In the memo, distributed to Goldfein’s wing commanders and other commanders and obtained by Air Force Times, Goldfein called Floyd’s death “a national tragedy.”
“Every American should be outraged that the conduct exhibited by police in Minneapolis can still happen in 2020,” Goldfein said.
Goldfein’s memo was sent hours after his top enlisted advisor, Chief Master Sergeant of the Air Force Kaleth Wright, who is black, posted a lengthy Twitter thread about the deaths of black men at the hands of police that declared, “I am George Floyd.”
Goldfein’s follow-up memo said that Americans have to confront the awful reality of racism — and acknowledge that it also exists in the Air Force.
“Sometimes it’s explicit, sometimes it’s subtle, but we are not immune to the spectrum of racial prejudice, systemic discrimination and unconscious bias,” Goldfein wrote. “We see this in the apparent inequity in our application of military justice. We will not shy away from this; as leaders and as airmen we will own our part and confront it head on.”
In a telephone conversation Tuesday, an Air Force official familiar with conversations between Wright and Goldfein said that Goldfein was aware and supportive of Wright’s plans to speak out Monday.
"Believe me, my heart starts racing like most other Black men in America when I see those blue [police] lights behind me," Wright said.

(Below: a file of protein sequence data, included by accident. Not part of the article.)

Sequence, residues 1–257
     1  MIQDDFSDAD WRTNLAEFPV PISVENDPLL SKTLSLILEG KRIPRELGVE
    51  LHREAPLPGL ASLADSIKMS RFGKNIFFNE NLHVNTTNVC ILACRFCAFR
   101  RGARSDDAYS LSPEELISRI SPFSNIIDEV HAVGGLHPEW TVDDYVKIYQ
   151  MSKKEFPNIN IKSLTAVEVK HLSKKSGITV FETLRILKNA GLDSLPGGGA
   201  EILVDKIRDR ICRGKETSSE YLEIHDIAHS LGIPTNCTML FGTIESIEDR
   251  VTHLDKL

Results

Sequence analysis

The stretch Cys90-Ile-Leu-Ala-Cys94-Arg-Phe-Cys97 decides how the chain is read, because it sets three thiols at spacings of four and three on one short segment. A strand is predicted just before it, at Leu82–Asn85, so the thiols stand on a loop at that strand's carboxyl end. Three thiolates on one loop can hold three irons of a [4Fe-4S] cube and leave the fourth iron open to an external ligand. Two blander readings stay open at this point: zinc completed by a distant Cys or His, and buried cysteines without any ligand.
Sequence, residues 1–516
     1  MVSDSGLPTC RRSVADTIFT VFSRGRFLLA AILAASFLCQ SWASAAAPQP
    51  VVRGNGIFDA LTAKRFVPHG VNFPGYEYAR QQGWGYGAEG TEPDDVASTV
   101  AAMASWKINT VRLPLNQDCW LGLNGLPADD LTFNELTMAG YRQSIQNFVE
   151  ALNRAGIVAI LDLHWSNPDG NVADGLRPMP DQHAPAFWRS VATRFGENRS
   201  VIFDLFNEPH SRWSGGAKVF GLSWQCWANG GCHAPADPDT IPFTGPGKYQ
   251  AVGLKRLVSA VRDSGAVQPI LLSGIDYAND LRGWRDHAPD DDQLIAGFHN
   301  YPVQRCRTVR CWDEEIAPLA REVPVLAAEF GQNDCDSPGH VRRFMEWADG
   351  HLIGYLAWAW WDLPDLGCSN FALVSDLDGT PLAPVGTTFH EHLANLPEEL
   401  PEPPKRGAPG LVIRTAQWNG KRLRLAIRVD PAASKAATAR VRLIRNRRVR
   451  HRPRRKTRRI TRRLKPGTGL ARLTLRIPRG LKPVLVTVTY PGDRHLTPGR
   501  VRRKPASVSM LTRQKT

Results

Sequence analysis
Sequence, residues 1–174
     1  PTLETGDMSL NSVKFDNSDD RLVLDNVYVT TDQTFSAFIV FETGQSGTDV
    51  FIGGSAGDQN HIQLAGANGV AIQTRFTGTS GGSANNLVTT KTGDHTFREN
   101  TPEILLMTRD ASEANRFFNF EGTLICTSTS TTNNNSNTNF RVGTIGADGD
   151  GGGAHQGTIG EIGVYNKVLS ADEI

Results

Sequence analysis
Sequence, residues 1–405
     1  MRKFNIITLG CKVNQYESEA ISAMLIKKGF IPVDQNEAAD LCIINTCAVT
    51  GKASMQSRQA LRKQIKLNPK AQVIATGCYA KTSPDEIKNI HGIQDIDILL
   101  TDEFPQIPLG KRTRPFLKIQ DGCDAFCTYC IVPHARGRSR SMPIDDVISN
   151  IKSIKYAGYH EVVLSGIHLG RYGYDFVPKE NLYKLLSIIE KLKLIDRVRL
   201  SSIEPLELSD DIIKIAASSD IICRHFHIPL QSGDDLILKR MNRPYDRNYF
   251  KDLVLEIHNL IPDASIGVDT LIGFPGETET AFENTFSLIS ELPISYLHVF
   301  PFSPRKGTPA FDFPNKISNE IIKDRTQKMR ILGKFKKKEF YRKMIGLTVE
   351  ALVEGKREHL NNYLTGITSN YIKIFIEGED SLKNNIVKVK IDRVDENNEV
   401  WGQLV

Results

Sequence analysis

The official, who asked not to be named, said that Wright wrote his posts Monday morning.
“Obviously, it’s something that’s been weighing on his heart as he watched all the events unfold over the weekend,” the official said. “From his position, it’s difficult whenever you speak up, because people worry you’re trying to be political. He’s not trying to be political; he’s trying to share a conversation people need to have.”
The official said that in the coming days, other military leaders will be following Wright’s lead to engage in conversations about race and discrimination, as part of an effort to be a “healing salve.”
The reaction from Wright’s command structure, as well as other airmen, has been “incredibly positive,” the official said.
Goldfein “is not threatened by this conversation, and that’s very important right now,” the official said.
Goldfein said in his memo that on Wednesday, the Air Force plans to hold a Facebook town hall meeting on racial issues. That town hall will be held at 5 pm Eastern time on Goldfein’s official Facebook page.
And following up on Wright’s pledge Monday for an independent review of the Air Force legal system — after a series of scathing reports detailed persistent racial imbalances on how younger airmen are punished — Goldfein said that the Air Force inspector general will review its military justice system, racial injustice and opportunities for airmen of all backgrounds to advance. Air Force Secretary Barbara Barrett, along with Goldfein and Wright, ordered this review, Goldfein said.
Goldfein urged his commanders to share Wright’s essay to foster discussion. And he acknowledged that his and Wright’s experiences growing up and in the Air Force are very different — but these conversations have to take place.
“Discussing our different life experiences and viewpoints can be tough, uncomfortable, and therefore often avoided,” Goldfein wrote. “But we have been presented a crisis. We can no longer walk by this problem.”
“I don’t have the answers, but I do know there is no room for bigotry, hatred or small mindedness in our force,” Goldfein said. “Period. Every member of our team needs to know we have their back.”